The backdrop of South Florida injected irony into the Cosby-watching experience. Long after the show was over, I’d lie in my bed and listen to the sounds of assault weapons as a cocaine war raged on outside. Police helicopter lights swooped through my bedroom window, crack addict prostitutes showed up at our doorsteps begging for food. And by the morning, I was singing the theme song to The Facts of Life on the way to school in a perfectly tailored outfit. This was my schizophrenic normal.
As we moved into the 1990s, I began to doubt that being “respectable” was enough to lift my community into Cosby heaven. It seemed like many of these goals and requirements came out of a sense of not feeling worthy. We internalized the racism we feared and then used it to castigate the people in the community who had less. There was a growing tension between the expanding black middle class and lower-class blacks who were living in areas ravaged by crime and crack-cocaine. The first major blow to 1980s BRP happened toward the end of the decade with the explosion of gangsta rap music.
Rap music was the unruly child that would not cooperate with BRP parenting. For an older generation of African-American leaders, it was blaxploitation on steroids. These weren’t just Hollywood actors running around playing pimps and drug dealers. These were, in many cases, the real pushers and street hustlers. This time, Jesse Jackson and Al Sharpton couldn’t just call up Sony Music and threaten boycotts. The music was reaching its target market.
Even as it became co-opted, commodified and watered down, hip hop crippled BRP forever. The cultural change didn’t come from Harvard MBAs and Georgetown political science majors; it came from the streets, from hustlers who were operating on the simple economics of supply and demand.
Black television has struck a blow to BRP, too. In the 1990s, white showrunners earned millions for The Wire and The Sopranos, and African-American artists had to make an uncomfortable choice: try to compete with prestige pieces in an increasingly shrinking market, or jump into the cultural stew. They chose option B. Movies like Menace II Society and Boyz N The Hood helped to lay the groundwork for tales like Hustle & Flow, which in turn paved the way for Power and Empire. These shows are run by black storytellers retaking the African-American narrative. Like hip hop artists, they’ve sacrificed some cultural respectability in exchange for commercial success and professional viability.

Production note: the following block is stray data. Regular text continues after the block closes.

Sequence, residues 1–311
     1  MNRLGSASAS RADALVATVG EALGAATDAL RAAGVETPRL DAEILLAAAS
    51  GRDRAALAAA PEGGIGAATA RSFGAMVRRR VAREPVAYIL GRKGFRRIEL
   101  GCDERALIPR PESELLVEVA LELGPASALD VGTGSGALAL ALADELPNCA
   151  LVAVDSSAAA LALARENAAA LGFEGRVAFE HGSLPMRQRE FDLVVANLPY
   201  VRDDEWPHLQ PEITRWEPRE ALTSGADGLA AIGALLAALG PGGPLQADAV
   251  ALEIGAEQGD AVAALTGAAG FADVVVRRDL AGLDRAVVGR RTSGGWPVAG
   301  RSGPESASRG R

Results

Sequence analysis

In 2014, BRP just may have died of its wounds. From the diminishment of its main spokesman Bill Cosby, to the wholesale discrediting of police murders where BRP buzzwords like “thug” were lobbed at black victims, to even President Obama’s gradual abandonment of lecture-y speeches directed at the black community, “respectabilility” reads as hollow and manipulative to a new generation.
President Obama has come a long way from the days of scolding black families for feeding their kids a cold Popeye’s dinner. Six years ago, he was the Platonic ideal of a BRP candidate. He was clean, articulate and uncorrupted. He even weathered attempts to associate him with Reverend Jeremiah Wright, the radical, evil, crazy Negro. For a second there, it seemed like respectability politics could work if all blacks just kept a pristine record, graduated from Harvard, lead a quiet life, came from a biracial background, had beautiful kids and a dynamic wife, said all the right things, made all the right moves. Perhaps Obama would singlehandedly be able to overcome 400 years of America’s intractable execration of the black body and mind by just being…perfect.
We all know how this hypothesis has played out. Despite the brilliant speeches, the painstaking compromises, foreign policy successes, legislative achievements and, to some, being one of the most objectively successful presidents in America’s history, he is still unpopular with vast sections of white America. If a black man like Obama is still hated by almost half the population, then what hope is there for the average middle class family, a single mother, the teenage kid with a hoodie, the creative artist who likes to provoke, or the philosopher who proposes change? What hope is there for me?
In this game of respect, maybe I’ve been playing it all wrong. Maybe we all have.
Aurin Squire is a freelance journalist who lives in New York City. In addition to being a playwriting fellow at The Juilliard School, he has writing commissions and residencies at the Dramatists Guild of America, Brooklyn Arts Exchange, and National Black Theatre.